Can You Increase Run Times Without Actually Running?

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Spc. Reggie Wilson of the Raymond W. Bliss Army Health Center demonstrates the use of rollers for treating myofacial pain. (Photo Credit: Mo Greenberg)
Spc. Reggie Wilson of the Raymond W. Bliss Army Health Center demonstrates the use of rollers for treating myofacial pain. (Photo Credit: Mo Greenberg)

The primary way to improve times for military timed runs is to practice purposeful running. This means running at a set pace, distance and time to prepare yourself for the running required in an upcoming fitness test or training program.

However, there are other ways to maintain and even improve your running skills without actually running. Sometimes runners need to take a break due to an injury, busy schedule or their deployment situation.

Here are several ways to improve running by other means:

Flexibility, Mobility, Massage

Add flexibility and mobility elements to your workout, along with active massage for soft-tissue tightness, aches and pains. In our workouts, we either do them all in a single session we call Mobility Day or perform a small portion of the Mobility Day exercises after each training day. These activities can improve speed, running efficiency and stride mechanics.

Flexibility training requires stretching the muscles around a joint. Think of static stretching -- a passive method of holding a stretch at the end range of a muscle’s length -- as flexibility.

Mobility training is working the joint through a full range of motion. Dynamic stretching is a method to increase joint and muscle mobility.

Both are helpful to the runner and the tactical athlete as well. When the muscle gets tight or knotted, self-massage can address common sore muscles. Tools like foam rollers, tennis balls, lacrosse balls and some vibrating tools can relieve the stiffness not relieved by stretching or dynamic stretching.

Our Mobility Day is a training session devoted to non-impact cardio (running rest), flexibility, mobility and massage. We do one in the middle of the week and at the end of the week (Day 3 or 4 and Day 7).

Mobility Day (walk-through video)

Repeat 5 times

Non-impact cardio option: 5 minutes

Stretch, foam roll, massage: 5 minutes

OR

Daily Mini-Mobility Day Session (post workout)

Depending on your needs, you can do this 1-2 times:

Non-impact cardio option: 5 minutes

Stretch, foam roll, massage: 5 minutes

Wide Variety of Non-impact Cardio Options

Many need a break from running at some point in the year. Consider adding any of the following as a substitute: biking, rowing, elliptical machine, stair stepper, cross country skiing or swimming.

If you push yourself on these non-impact options, all of these exercises can improve your running. This means adding sprints at fast and slow intervals, Tabata intervals (20-second sprint, 10 seconds easy) and steady pace for time. You also will need resistance training, using pyramids (each minute increases the resistance and elevation).

If you have multiple options available, consider building your own non-impact cardio triathlon for workouts: bike, row and swim for 20 minutes each with different levels of intensity. This is a great way to challenge your endurance training without the pain of impact.

Strength Training

When you cannot run or decide to take some time off from running, calisthenics or weighted movements can help you build a stronger running base. They will make your leg and hip muscles stronger and more durable and help handle the impact of the next run cycle.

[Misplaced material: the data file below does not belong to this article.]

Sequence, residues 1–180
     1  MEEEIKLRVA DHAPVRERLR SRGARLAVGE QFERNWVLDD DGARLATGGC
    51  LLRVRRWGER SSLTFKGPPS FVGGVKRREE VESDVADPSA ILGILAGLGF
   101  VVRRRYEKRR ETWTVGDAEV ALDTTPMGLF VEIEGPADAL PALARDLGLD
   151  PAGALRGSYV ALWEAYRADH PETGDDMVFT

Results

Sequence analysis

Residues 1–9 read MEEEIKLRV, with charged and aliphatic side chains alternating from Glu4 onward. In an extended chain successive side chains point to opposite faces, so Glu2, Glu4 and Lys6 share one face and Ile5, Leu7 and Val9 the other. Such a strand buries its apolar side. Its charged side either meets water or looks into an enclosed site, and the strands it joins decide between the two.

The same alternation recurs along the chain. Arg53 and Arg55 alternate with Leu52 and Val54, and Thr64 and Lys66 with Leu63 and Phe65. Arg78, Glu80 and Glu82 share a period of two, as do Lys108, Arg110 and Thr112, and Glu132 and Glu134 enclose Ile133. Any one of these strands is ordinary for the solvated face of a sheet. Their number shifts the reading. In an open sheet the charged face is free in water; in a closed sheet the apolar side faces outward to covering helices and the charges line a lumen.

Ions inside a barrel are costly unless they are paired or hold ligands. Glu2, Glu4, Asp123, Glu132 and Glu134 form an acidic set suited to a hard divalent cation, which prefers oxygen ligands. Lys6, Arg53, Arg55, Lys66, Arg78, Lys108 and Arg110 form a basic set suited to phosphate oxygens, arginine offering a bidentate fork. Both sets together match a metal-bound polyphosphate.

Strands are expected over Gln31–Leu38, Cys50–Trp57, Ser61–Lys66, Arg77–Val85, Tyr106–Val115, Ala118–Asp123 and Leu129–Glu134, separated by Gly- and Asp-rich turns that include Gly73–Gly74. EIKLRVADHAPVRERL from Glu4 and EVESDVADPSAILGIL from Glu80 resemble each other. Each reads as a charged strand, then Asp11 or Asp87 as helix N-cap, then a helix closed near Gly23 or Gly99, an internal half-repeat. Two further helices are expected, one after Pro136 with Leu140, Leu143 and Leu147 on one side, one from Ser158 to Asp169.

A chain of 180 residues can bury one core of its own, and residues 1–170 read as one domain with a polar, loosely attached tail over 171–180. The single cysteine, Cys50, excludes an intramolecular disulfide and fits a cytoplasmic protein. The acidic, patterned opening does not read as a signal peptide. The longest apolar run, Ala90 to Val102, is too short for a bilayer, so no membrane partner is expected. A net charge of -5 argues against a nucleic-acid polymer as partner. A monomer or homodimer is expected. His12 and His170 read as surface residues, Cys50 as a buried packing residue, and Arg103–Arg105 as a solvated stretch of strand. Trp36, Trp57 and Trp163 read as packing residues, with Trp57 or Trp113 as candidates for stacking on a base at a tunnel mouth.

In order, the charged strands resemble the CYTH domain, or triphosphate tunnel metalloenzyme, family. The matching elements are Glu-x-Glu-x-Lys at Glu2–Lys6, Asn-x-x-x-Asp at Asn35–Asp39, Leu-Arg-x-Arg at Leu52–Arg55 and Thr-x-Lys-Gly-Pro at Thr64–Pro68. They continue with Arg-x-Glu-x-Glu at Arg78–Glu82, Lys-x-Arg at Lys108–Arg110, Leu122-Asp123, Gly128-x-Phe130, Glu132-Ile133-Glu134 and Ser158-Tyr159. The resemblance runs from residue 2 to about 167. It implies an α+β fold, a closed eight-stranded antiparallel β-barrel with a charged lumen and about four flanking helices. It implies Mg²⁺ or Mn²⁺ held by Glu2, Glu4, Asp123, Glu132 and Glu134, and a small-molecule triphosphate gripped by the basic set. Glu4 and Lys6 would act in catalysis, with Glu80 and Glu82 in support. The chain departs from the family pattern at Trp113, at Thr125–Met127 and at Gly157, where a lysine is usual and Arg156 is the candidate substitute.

Exercises like lunges will develop the muscles that produce a more powerful and efficient stride. A more explosive option is to mix in jumping lunges on leg day. These can enhance shorter distance speed as well as overall running mechanics.

When running, you will be working the lungs and the legs. Though you will not need to be squatting or deadlifting two times your body weight, adding some strength is a necessity for the tactical athlete, since there is more to the job than timed runs on PT tests.

If new to strength training, consider adding lunges and jumping lunges (squats and jumping squats) to develop strength and power. This will help you run better when you start running again.

Actively Pursue Recovery

Regardless whether you are in a running cycle or taking a break from running, there should be days each week where you focus on your recovery and health. This means eating well, sleeping well, reducing stress and resting. When you are not training, you should have the mindset that you are working to recover from the previous training session as well as preparing for the next training session. You will not get faster or stronger or heal from injury without rest and recovery.

After a running injury, coming back faster and healthier can be achieved by focusing on injury recovery through tough non-impact training, good sleep, rest days, healthy nutrition and a mix of flexibility, mobility and massage. You may find that you enjoy a six- to eight-week cycle of non-impact and recovery training mixed into your training year, regardless of whether you’re injured or not.

The enemy to training is the same old routine week after week. By mixing it up, you will be a healthier athlete overall and not have to sweat getting slower at running when not focused on running.

Stew Smith is a former Navy SEAL and fitness author certified as a Strength and Conditioning Specialist (CSCS) with the National Strength and Conditioning Association. Visit his Fitness eBook store if you’re looking to start a workout program to create a healthy lifestyle. Send your fitness questions to stew@stewsmith.com.

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